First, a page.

Favorites?: WordBook and Lexisgoo also offer favorites (links that you would like to keep in one place). Of the two, Lexisgoo has a really nice, structured (just like the folders in any (decent) Web browser’s favorites system) and time-constrained (“I only need the favorites I’ve added todayâ€) way of storing favorites. WordBook’s approach isn’t this sophisticated, but at least it still exists, unlike with all the other dictionary front-ends.

User notes?: making additional notes for records has always been in high demand among dictionary (or, for that matter, e-book reader) users. Unfortunately, only Lexisgoo and BDicty make this possible (with textual notes only – that is, no freehand drawings are possible, unlike with, say, Microsoft Reader). Of the two, Lexisgoo ’s approach is far better because it even keeps a central list of all the added user notes.

Speech synthesis?: SlovoEd has a separately purchasable and installable, high-quality speech pack.

In addition to this, two of the applications (WordBook and Lexisgoo) use the FLITE engine (a free speech synthesis engine by Carnegie Mellon Univ.), making it possible to read both the active word (expression) or any kind of text (with Lexisgoo, even from other applications, if you use “Read†in Lexisee).

Note that this is a synthesis engine. That is, while it’s still much better than a lot of other speech synthesis engine (including the English support in the speech engine of the LingvoSoft dictionaries – more on them later, in the next installments of this series), it’s in no way as good as native speakers’ spoken English (the way for example Paragon offers real speech on the Pocket PC). For example, while it’s able to (correctly) pronounce ‘adobe’ (unlike, say, the LingvoSoft engine), it’ll find for example ‘these’ difficult to pronounce.

Also, as it’s an external library called from the dictionary front-ends, once started, you won’t be able to stop it. This is particularly painful if you, for example, start one than more instance of Flite, reading a looooong text, by double-tapping the speaker icon. Then, two Flite instances will be started. You will only be able to help this by explicitly killing WordBook / Lexisgoo from a task manager. Keep this in mind when you use it.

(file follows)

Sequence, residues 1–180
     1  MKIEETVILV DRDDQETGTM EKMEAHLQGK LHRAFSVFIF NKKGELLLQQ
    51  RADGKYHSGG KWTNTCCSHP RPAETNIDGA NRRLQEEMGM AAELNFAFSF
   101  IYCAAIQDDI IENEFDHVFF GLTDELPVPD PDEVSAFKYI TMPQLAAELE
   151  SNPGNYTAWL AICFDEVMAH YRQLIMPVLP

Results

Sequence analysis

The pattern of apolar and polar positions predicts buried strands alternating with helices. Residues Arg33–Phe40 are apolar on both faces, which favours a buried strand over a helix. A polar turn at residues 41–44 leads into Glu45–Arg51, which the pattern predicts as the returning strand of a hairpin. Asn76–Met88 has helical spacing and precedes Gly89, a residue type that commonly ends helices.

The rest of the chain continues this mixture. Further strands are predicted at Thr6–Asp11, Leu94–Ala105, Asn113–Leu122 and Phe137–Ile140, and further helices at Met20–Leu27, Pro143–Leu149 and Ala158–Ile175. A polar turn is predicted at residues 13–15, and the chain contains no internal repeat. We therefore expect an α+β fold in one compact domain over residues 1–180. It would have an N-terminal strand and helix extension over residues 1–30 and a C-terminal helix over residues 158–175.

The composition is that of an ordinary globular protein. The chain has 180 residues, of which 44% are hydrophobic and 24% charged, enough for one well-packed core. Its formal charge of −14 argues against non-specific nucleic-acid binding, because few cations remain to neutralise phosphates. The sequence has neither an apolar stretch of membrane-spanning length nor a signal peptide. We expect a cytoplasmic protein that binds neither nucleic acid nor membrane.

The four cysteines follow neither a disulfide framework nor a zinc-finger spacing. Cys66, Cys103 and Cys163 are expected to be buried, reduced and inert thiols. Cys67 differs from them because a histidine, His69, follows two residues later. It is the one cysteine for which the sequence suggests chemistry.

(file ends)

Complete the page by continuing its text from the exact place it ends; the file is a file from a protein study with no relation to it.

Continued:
English grammar tutorial built-in? : Lexisgoo has an excellent grammar summary in its help section. It’s much better than most in-app grammar summaries I’ve seen on the Pocket PC (make sure you check out the provided screenshots to see how cool it is!). As WordNet doesn't even contain a list of irregular verbs, I've also scrutinized whether the given front-end lists them (for example SlovoEd does).

User-added, searchable, new database records as in, say, SlovoEd 2005?: unfortunately, none of the dictionaries (except for, naturally, SlovoEd) allow for adding additional records.

Dynamic scrolling with, preferably, hiding all the entries that are surely not looked for?: it’s preferable to have a dictionary application that, when you enter a new word to look for, dynamically scrolls the available word list to the position of the word. This makes it very easy to see what other words there are starting with the same, already-entered character sequence and, in cases, makes input much faster.

It’s only WordNetCE and Lextionary that don’t support any kind of dynamic scrolling. WordBook, SlovoEd, MDict, BDicty and Lexisgoo do, but they simply scroll down/up the wordlist and don’t restrict the displayed words in any way. It’s only AbsoluteWord WordNet that doesn’t display words that start with different letters than those already entered. This, however, isn’t a showstopper, as far as SlovoEd, MDict, WordBook and Lexisgoo are concerned.

Multiple dictionary database support group: in here, I’ve compared and elaborated on the unique feature of some of the dictionaries (for example, SlovoEd, MDict and BDicty). Please read the mini-reviews of all these three applications for more information on what the four tests mean in this group.

Search group: in here, I’ve elaborated on what kind of searching capabilities the reviewed applications have. It’s (also) in this respect that a dictionary application can be really different from the rest of the WordNet front-ends because this, as with the rest of the user interface, is completely independent on the underlying WordNet database. With, for example, support for regular expression-based search, puzzle-solving capabilities or anagrams, a front-end can really excel and can add a lot of additional functionality.

If you have ever used the desktop Windows client, you know it is pretty bad in this respect – it doesn’t even let for wildcard searches, let alone other, even more sophisticated searching types. In this respect, all the tested applications are considerably better (as was also the case with linking words in the descriptions.)

Best match search support? (Wildcard searches (AKA puzzle helpers)?): Does the application make it possible to do wildcard searches? One of the most important usability areas of this is puzzle solving (see the provided screenshots for some examples!)

Phonetic searches?: while some of the applications also have phonetic search (“it sounds likeâ€) capabilities, I’ve found them pretty useless, compared to the other ‘closest-match’ search capabilities.

Approximate match? Type (intelligent typo-checker / first match)?: in here, I’ve examined how “intelligently†the reviewed apps try to find the best matches for a given word. To do this, I’ve run searches for two deliberately misspelled words (aproved (approved) and propably (probably)) to see whether the applications do any kind of intelligent ‘closest-hit’ searches.